Avoiding the ‘what’ and embracing the ‘why’

“People don’t buy what you do, they buy why you do it” – Simon Sinek

Why do some people and companies rise to the top of our consciousness and others don’t? It comes down to being able to explain the ‘why’ of what we do more than the how or what. Our potential customers want to understand more than the facts…they want to understand the passion that drives us. When we spend our time thinking about what we do or how we do it, we get lost in the details, and so does our audience. When what we do and how we talk about it starts with the ‘why’, it all makes sense. It has context.

Sorry, I didn’t have the time

As Simon Sinek says in his TED talk (below), “What we do just proves what we believe.” Few truer words have been spoken. How many times has someone said, “Sorry, I just didn’t have time to do <fill in the blank> for you. I really wanted to.” That person had time to do what they believed in. They ate, they slept and they did took care of the things that mattered, just not your thing.

We make great computers

Lots of companies make decent products or perform top shelf services. The ones that consistently rise above the others go further. They help their customers understand their guiding principles and motivations. They don’t simply say, “We make great ____ and we do it better than anyone else. Simon, in a great TED talk, uses Apple as an example: “In everything we do we believe in thinking differently. The way we challenge the status quo is by making our products beautifully designed, simple to use and user friendly. We just happen to make great computers. Want to buy one?” A powerful statement of ‘why’.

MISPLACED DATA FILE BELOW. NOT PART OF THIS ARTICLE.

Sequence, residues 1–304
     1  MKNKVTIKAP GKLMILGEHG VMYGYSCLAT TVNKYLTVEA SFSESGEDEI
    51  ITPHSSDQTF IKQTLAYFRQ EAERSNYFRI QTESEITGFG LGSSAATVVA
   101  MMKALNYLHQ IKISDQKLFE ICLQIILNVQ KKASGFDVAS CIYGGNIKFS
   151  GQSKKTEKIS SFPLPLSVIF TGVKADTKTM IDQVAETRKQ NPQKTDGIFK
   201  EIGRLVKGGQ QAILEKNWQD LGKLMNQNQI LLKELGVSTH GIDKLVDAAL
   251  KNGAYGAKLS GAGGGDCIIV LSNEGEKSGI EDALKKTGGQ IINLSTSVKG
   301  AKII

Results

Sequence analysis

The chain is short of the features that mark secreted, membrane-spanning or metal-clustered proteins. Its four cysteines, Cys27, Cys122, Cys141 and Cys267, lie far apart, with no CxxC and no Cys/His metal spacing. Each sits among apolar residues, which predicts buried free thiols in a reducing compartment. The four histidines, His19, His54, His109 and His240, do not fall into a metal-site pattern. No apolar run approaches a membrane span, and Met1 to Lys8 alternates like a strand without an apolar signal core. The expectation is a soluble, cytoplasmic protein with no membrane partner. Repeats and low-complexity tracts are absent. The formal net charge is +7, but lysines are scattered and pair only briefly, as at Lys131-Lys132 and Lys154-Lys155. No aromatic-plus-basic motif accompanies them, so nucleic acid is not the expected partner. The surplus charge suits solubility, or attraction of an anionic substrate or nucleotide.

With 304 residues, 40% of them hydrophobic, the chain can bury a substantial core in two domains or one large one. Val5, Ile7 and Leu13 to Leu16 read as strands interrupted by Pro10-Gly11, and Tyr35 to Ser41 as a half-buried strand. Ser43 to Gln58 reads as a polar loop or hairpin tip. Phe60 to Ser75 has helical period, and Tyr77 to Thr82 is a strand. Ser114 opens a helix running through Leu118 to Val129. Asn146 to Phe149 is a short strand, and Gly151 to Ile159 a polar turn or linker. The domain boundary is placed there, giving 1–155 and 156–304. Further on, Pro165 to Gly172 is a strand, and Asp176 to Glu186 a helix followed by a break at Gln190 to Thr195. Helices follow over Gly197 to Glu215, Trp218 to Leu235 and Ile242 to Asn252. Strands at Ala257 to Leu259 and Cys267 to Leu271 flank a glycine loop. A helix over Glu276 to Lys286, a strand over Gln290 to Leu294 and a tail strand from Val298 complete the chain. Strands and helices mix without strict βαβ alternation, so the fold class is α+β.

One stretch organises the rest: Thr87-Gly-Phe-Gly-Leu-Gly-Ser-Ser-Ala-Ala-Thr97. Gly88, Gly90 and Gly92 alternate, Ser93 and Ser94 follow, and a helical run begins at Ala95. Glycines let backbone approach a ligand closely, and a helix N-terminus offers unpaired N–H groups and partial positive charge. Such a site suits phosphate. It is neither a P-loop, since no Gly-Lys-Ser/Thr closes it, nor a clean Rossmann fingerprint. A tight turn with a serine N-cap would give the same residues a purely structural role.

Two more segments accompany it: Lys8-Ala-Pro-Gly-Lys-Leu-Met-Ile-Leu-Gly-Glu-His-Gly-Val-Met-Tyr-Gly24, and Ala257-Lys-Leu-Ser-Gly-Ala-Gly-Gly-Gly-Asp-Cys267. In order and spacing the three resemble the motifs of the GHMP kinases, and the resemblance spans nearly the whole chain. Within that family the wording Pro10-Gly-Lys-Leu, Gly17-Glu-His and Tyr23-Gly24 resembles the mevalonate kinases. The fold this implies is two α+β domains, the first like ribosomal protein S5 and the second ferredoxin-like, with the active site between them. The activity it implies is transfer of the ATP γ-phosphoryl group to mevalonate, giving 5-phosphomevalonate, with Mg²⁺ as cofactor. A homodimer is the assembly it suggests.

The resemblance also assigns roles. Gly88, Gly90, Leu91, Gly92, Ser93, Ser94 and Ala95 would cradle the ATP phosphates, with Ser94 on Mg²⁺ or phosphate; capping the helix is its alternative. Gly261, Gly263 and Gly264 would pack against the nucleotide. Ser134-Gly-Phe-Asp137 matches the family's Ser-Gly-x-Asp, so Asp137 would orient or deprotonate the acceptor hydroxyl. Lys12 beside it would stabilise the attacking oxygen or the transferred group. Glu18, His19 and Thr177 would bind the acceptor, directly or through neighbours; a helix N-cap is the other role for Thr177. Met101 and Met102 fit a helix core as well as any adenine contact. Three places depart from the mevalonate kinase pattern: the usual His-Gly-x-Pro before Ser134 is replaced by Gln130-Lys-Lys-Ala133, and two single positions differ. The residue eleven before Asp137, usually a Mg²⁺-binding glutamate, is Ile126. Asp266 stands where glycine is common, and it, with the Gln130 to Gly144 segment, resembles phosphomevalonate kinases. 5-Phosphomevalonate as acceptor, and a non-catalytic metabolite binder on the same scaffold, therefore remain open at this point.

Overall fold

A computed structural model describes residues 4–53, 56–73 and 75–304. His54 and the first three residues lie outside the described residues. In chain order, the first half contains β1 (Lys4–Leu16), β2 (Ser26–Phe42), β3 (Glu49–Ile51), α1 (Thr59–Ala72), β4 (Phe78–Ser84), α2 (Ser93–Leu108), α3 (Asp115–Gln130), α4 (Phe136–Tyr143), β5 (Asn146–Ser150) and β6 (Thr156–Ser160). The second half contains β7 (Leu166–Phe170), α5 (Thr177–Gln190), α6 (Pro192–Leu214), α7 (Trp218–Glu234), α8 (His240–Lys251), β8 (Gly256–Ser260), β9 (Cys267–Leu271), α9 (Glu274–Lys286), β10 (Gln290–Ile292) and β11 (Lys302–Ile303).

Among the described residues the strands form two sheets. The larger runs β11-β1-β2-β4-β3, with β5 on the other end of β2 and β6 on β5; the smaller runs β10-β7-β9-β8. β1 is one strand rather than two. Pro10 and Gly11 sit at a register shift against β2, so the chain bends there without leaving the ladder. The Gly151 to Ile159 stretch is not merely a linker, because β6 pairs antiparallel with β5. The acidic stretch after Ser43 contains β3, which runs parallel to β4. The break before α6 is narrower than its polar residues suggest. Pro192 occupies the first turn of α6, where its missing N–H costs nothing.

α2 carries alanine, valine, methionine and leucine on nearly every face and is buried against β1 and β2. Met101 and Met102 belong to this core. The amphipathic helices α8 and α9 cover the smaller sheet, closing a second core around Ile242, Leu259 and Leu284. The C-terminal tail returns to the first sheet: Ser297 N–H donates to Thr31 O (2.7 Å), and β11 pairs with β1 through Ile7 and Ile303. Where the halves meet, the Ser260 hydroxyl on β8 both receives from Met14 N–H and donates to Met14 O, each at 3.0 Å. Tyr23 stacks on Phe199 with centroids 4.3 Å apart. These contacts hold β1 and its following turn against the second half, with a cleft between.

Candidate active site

We’re comfortably buying anything from Apple because we believe the same things they believe. At the personal level, we buy from authentic people that we connect with.

We’re wired this way

If Simon is to be believed, the need to know the ‘why’ has its root in something deeper than facts delivered through language. It comes from a visceral part of the brain that is deeper than emotion and stronger than reason. We agree with someone’s motivations and beliefs because it feels right and not necessarily for reasons that language can explain. No one can say it better than Simon does…enjoy the video:

Categories: Selling

Author:Jeanne Roué-Taylor

I'm fascinated by disruptive technology and its impact on our world. I manage sales operations for an excellent startup with a unique team of highly experienced data scientists.

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One Comment on “Avoiding the ‘what’ and embracing the ‘why’”

  1. June 26, 2012 at 6:57 pm #

    The Golden Triangle and the Law of Diffusion of Innovation explain how success is achieved after it happens. Is it possible to apply these principles by hundreds and thousands of businesses to succeed? Does success favour only one business / team or all those who follow the principles well enough?

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